Source: The Well-Educated Mind (2 edn 2016), p. 165 Middle.
I modified the book's format, as the author quoted scantly and the omitted sentences were short enough to be restored.
Solzhenitsyn's autobiography is the story not just of himself, but of all these prisoners, told in clear detail to make the abstract idea of imprisonment concrete, so that the rest of the world will finally take notice. But Solzhenitsyn the man changes throughout the story as well. He learns that he too is evil: "In the intoxication of youthful successes I had felt myself to be infallible, and I was therefore cruel. In the surfeit of power I was a murderer, and an oppressor.... And it was only when I lay there on rotting prison straw that I sensed within myself the first stirrings of good." In his imprisonment, Solzhenitsyn learns that revolution is the wrong solution to oppression. "Even in the best of hearts," he concludes,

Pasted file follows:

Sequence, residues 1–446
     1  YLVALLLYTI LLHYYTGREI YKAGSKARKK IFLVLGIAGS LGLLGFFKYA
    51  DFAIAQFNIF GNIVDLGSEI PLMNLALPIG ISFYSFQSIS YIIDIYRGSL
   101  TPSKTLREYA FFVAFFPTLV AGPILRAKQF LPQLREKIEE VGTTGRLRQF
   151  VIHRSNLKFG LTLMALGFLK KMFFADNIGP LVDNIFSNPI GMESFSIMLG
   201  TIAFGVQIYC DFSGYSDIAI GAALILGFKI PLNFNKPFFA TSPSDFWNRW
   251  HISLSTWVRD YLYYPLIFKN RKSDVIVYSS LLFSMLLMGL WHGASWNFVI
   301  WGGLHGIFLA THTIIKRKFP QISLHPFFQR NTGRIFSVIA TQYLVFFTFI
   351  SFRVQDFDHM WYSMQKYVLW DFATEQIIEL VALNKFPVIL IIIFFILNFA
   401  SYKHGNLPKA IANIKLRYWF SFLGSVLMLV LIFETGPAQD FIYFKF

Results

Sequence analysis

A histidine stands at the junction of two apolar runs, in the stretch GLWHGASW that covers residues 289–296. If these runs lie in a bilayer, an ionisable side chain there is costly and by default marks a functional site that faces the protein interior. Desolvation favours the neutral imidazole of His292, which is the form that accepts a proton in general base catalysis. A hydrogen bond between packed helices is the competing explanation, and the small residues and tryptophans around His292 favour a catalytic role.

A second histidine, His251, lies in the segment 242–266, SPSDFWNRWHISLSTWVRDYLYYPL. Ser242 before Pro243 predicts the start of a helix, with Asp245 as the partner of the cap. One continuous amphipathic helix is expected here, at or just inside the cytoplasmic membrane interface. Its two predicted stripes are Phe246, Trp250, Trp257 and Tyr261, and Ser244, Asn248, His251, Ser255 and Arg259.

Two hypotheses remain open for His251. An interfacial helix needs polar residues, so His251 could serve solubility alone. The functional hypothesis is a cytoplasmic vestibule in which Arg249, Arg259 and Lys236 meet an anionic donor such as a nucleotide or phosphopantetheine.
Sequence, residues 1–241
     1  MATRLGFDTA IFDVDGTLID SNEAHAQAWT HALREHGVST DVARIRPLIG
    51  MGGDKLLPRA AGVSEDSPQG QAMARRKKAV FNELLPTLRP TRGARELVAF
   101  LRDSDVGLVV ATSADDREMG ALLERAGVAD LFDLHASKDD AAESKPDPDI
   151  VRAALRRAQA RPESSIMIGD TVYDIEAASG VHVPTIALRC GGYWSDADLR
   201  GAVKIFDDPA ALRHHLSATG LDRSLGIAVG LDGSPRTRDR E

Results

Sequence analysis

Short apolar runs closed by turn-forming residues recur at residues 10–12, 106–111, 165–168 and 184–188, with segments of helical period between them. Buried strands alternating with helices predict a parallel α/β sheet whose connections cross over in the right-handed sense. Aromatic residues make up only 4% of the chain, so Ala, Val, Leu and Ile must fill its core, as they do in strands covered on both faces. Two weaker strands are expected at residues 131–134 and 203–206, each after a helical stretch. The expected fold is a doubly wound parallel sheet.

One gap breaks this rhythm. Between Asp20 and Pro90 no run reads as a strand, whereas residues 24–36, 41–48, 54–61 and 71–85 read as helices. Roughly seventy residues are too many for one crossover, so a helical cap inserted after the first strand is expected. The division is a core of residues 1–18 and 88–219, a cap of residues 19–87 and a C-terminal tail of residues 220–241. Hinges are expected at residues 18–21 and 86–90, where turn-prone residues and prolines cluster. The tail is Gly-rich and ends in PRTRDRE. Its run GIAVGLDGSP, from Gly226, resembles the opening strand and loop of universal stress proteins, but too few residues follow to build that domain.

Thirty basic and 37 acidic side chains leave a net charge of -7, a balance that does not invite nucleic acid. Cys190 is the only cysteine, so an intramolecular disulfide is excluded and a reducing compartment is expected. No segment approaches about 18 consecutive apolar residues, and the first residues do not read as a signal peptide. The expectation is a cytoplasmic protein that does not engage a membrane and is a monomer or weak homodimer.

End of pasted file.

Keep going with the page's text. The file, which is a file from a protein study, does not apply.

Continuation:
there remains...an unuprooted small corner of evil.
Since then I have come to understand the truth of all the religions in the word: They struggle with the evil inside a human being (inside every human being). [It is impossible to expel evil from the world in its entirety, but it is possible to constrict it within each person.]
And since that time I have come to understand the falsehood of all the revolutions in history: They destroy only those carriers of evil contemporary with them [(and also fail, out of haste, to discriminate the carriers of good as well). And they then take to themselves as their heritage the actual evil itself, magnified still more. The Nuremburg Trials have to be regarded as one of the special achievements of the twentieth century: they killed the very idea of evil, though they killed very few of the people who had been infected by it. (Of course, Stalin deserves no credit here. He would have preferred to explain less and shoot more.) And if by the twenty-first century humanity has not yet blown itself up and has not suffocated itself—perhaps it is this direction that will triumph?]